2015 Rolls Royce Wraith

2015 Rolls Royce Wraith

Episode 3513 , Episode 3528
Auto Value and Bumper to BumperTire Rack "The Way Tire Buying Should Be"

MotorWeek wasn’t around in 1938 to drive the last rolls-royce wraith, but the advanced nature of that chassis; adjustable shocks, welded rather than riveted frame; made wraith cars highly distintive. now, rolls is reviving the wraith name in hopes of bringing new prospects to their brand, with a design that is one again different, and way ahead of the curve.

Even in the stratosphere of ultra-exclusive vehicles, the two-door 2015 Rolls-Royce Wraith stands out as a very unique vehicle. Oh, and it’s the most powerful Rolls-Royce ever. Either one of these would be a great reason for purchasing this rolling piece of prominence, but our reasoning would be the Wraith’s actual behind the wheel experience. Yes this Rolls is intended to actually be driven by the owner.

Based on the Ghost sedan, it offers extreme isolation from the outside, and less fortunate world, but where it differs is it is relatively more fun to drive, at least as far as we’re concerned, when it comes to a Rolls-Royce. 

The experience is a bit of a throwback, to a time when high-end cars were made to ride smooth, and be mechanical wonders; not the sensor-intensive, computer controlled, luxury standards of today. 

So it’s not as sporting as a Continental GT, but rolling on a wheelbase that’s more than a foot longer, stretching over 10-feet, it rides like a whole other class up of vehicle.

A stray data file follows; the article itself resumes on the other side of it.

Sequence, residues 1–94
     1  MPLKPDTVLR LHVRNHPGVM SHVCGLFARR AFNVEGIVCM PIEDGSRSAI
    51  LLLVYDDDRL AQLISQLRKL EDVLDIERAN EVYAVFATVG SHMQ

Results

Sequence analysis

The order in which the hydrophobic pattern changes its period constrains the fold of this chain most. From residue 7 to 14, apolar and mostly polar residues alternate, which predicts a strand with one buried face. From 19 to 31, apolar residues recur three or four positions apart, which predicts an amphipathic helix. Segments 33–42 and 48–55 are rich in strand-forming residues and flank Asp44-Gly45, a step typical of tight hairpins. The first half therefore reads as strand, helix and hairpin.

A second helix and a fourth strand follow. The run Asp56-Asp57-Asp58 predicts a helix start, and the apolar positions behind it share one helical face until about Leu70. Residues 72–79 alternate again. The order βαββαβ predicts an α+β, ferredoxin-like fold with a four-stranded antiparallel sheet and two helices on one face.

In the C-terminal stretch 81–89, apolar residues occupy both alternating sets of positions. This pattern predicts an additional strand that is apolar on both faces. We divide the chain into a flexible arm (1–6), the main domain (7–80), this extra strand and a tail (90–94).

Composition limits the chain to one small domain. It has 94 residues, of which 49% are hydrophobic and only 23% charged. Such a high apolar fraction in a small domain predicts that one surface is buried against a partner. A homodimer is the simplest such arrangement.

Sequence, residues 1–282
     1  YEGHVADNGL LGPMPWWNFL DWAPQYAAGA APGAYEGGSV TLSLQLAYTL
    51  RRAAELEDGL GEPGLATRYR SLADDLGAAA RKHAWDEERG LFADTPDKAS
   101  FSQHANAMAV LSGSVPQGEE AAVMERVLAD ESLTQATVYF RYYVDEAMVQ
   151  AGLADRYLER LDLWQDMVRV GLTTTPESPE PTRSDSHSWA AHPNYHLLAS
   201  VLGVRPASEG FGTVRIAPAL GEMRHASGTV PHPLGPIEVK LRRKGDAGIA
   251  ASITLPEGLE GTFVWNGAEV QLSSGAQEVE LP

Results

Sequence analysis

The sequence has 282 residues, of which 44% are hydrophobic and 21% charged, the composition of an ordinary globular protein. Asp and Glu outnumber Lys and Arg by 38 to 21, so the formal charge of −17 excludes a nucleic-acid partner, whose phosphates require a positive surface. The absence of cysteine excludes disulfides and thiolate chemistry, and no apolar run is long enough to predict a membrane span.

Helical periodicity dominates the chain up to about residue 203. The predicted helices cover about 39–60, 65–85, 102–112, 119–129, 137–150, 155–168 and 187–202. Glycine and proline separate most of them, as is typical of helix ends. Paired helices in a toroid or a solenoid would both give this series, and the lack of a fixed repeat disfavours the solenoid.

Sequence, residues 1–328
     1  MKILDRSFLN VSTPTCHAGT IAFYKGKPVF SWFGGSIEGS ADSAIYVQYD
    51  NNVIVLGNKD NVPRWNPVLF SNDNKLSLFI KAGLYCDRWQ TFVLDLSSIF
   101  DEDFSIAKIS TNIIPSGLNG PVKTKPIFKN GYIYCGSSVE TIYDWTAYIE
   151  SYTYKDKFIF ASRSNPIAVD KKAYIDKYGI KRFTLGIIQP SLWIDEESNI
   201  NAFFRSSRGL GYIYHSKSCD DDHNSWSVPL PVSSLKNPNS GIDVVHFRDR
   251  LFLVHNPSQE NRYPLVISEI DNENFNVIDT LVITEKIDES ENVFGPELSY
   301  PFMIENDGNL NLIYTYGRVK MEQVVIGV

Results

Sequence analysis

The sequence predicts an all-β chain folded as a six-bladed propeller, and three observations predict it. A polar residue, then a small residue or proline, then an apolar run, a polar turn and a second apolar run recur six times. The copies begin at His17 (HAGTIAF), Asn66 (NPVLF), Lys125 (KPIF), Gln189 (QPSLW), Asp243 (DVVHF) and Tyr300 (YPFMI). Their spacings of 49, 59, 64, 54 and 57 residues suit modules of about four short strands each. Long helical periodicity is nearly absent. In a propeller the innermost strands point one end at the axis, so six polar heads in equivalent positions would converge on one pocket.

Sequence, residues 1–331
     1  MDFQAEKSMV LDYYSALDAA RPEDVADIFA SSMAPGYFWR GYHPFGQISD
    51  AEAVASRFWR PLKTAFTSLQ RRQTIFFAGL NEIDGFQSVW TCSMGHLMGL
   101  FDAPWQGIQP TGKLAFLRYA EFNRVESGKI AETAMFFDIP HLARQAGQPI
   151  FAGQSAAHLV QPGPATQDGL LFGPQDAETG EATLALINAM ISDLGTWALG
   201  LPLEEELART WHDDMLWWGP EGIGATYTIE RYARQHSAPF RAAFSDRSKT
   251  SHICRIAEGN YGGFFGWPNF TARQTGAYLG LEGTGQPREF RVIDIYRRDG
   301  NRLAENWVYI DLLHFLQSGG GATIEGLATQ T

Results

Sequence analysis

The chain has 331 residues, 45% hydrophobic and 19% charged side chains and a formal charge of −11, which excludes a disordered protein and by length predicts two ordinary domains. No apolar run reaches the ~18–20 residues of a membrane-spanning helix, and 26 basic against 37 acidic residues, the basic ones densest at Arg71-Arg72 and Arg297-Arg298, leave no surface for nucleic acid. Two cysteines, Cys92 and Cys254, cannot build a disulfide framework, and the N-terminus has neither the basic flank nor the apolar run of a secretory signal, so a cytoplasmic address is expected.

The power it delivers, all 624-horsepower, and 590 lb-ft. of torque may also seem extreme. But it’s the effortless delivery that is truly remarkable. As is its very striking fastback design, which surely would look more at home on the French Riviera than around our offices in Owings Mills, Maryland.   

But whether on the move or standing still, it is quite a presence; and that’s before you swing the huge doors open to the rear. And since they open so wide, don’t worry about reaching out to close them, just summon the invisible butler with the push of a button and stay put. 

The majority of the behind the dash technology comes from BMW, but there are a few special elements such as GPS based shift logic for the 8-speed automatic transmission. And the 10-inch infotainment display can stay hidden for a more traditional look. Plus the amazingly extravagant StarLight headliner is Roll’s alone.

Even under those fiber optic stars, there’s plenty of other aspects to fall in love with in the back seat. And you might want to stay put as long as possible, not only because of the sheer luxury and amenities you’re wrapped in, but because it’s not the easiest space to climb out of. 

Climbing out of the hole at our test track took some restraint to keep from luxuriously melting the rear tires, so we were only able to achieve a 0-60 time of 6.8-seconds in less than ideal track conditions. Disappointing, since it should easily be under 5.0-seconds.